Litigation > False Claims Act/Qui Tam Defense > State FCA Resource Center > People ex rel. Allstate Insurance Company v. Choe
03 Sep '13

People ex rel. Allstate Insurance Company v. Choe, Case No. RG10-510153 (Alameda Superior Court, June 12, 2013): A California Superior Court recently  held that California’s anti-SLAPP statute did not immunize an attorney against allegations that he violated the California Insurance Frauds Prevention Act, California Insurance Code section 1871 et seq (IFPA), by submitting allegedly fraudulently insurance claims even though his claims submissions constituted protected pre-litigation conduct.

In Choe, Allstate Insurance Company (Allstate) brought a qui tam action alleging that defendants participated in a scheme to submit false claims to auto insurance companies. Allstate amended its complaint to substitute attorney William L. Berg (Berg) for a Doe defendant and alleged that Berg submitted the allegedly fraudulent insurance claims. Berg moved to strike the substitution under the anti-SLAPP statute, California Code of Civil Procedure section 425.16, claiming that his allegedly fraudulent demand letters to Allstate constituted protected pre-litigation conduct. Allstate responded that: (1) the action was exempt from the protections of the anti-SLAPP statute because it was an “action brought solely in the public interest or on behalf of the general public;” (2) Berg’s conduct was not protected activity because it was per se illegal; (3) Berg’s conduct was not protected activity because he submitted the insurance claims in the ordinary course of business; and (4) even if Berg’s conduct was protected activity, Allstate had established the “minimal merit” necessary for the case to proceed.

First, the court held that the action was not exempt from the protections of the anti-SLAPP statute. The court found that because the qui tam relator was the harmed insurer (Allstate) and sought relief that was different from, and exceeded, the relief sought on behalf of the public, the action was not brought “solely” in the public interest.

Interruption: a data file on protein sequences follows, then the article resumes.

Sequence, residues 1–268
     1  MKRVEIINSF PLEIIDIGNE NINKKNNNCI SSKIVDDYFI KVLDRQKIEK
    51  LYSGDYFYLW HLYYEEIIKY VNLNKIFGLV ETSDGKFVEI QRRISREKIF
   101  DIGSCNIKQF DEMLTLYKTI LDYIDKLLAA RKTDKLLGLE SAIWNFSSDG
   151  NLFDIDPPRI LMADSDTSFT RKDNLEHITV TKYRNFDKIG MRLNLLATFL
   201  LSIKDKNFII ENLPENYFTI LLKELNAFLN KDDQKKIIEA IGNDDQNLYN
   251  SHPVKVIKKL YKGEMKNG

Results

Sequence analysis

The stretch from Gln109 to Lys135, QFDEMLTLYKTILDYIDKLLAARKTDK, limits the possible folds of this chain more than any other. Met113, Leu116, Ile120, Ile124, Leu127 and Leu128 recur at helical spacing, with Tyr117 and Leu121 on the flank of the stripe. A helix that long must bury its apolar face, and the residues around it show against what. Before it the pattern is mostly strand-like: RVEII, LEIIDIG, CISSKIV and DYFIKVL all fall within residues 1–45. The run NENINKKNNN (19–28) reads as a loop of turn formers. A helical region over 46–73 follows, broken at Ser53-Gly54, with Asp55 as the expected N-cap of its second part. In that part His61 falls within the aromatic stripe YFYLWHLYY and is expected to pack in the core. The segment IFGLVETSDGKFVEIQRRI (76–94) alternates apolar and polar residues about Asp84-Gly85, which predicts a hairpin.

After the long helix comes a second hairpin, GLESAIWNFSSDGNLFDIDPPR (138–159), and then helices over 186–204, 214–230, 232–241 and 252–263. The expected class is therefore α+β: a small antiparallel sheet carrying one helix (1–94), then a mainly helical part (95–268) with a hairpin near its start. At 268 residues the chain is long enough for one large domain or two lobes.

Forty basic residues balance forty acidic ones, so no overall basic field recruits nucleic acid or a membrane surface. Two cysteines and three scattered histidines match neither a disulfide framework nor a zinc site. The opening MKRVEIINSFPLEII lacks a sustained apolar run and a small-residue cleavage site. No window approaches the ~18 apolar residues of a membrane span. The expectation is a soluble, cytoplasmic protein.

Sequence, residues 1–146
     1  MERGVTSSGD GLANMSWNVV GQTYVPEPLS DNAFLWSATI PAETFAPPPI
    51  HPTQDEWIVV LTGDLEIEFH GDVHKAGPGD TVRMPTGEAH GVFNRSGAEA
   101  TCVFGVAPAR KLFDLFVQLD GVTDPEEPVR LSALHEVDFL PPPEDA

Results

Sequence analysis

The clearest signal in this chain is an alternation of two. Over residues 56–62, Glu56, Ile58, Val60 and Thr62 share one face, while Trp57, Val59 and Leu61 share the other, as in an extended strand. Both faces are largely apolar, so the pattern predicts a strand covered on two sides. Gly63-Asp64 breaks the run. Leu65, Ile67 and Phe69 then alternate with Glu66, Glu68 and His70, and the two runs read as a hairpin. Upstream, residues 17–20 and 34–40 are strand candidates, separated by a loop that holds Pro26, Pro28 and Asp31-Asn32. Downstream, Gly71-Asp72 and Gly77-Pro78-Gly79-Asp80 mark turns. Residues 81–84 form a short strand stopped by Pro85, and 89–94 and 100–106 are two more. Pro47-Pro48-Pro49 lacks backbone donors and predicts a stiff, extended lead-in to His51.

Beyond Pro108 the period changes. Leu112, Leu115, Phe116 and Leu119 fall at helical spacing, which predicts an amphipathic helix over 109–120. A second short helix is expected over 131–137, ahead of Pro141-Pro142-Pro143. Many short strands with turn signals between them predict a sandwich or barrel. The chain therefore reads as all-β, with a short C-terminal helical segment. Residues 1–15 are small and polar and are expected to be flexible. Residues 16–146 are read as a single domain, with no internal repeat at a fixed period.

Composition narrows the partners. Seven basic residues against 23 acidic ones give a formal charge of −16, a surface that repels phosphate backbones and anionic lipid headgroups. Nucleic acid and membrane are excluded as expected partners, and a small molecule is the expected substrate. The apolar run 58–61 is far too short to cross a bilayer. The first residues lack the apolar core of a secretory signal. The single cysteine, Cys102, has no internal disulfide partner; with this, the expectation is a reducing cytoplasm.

Second, the court held that Berg’s conduct was not per se illegal because Allstate did not establish “conclusively as a matter of law” that Berg submitted fraudulent claims.

Third, the court held that Berg’s insurance claims submissions constituted protected activity under the anti-SLAPP rule. The court distinguished a recent case, The People ex rel. Fire Insurance Exchange v. Anapol, 211 Cal. App. 4th 809 (Dec. 6, 2012), in which a California appellate court found that an attorney’s insurance claims submissions were not protected activity because the claims were submitted in the ordinary course of business. In Anapol, the attorneys submitted insurance claims on behalf of their clients pursuant to insurance policies that required the insureds to present their claims. The attorneys did not know whether the claims would be adjusted or disputed and thus had no reason to anticipate litigation. The claimants here, however, were not required to submit claims to their insurers. They chose to submit through their attorneys letters to Allstate outlining the basis of their potential claims and demanding payments. Accordingly, although Berg admitted that he sent the letters to avoid litigation, the court concluded that the letters were not ordinary course of business claims, but pre-litigation demands, which constitute protected activity.  

Because the court found that Berg’s alleged misconduct constituted protected activity, the burden shifted to Allstate to show a “minimum level of legal sufficiency and triability” for the case to proceed. Berg did not argue that Allstate failed to satisfy this standard. Instead, Berg argued that he was immune from liability because his pre-litigation demand letters were protected by California’s litigation privilege. The court disagreed. It held that the litigation privilege cannot immunize false claims in pre-litigation communications because that would frustrate the important public policies underlying the anti-fraud statute by protecting the very conduct the statute makes actionable. The court then found that Allstate had established that its claims had sufficient merit to defeat the motion to strike.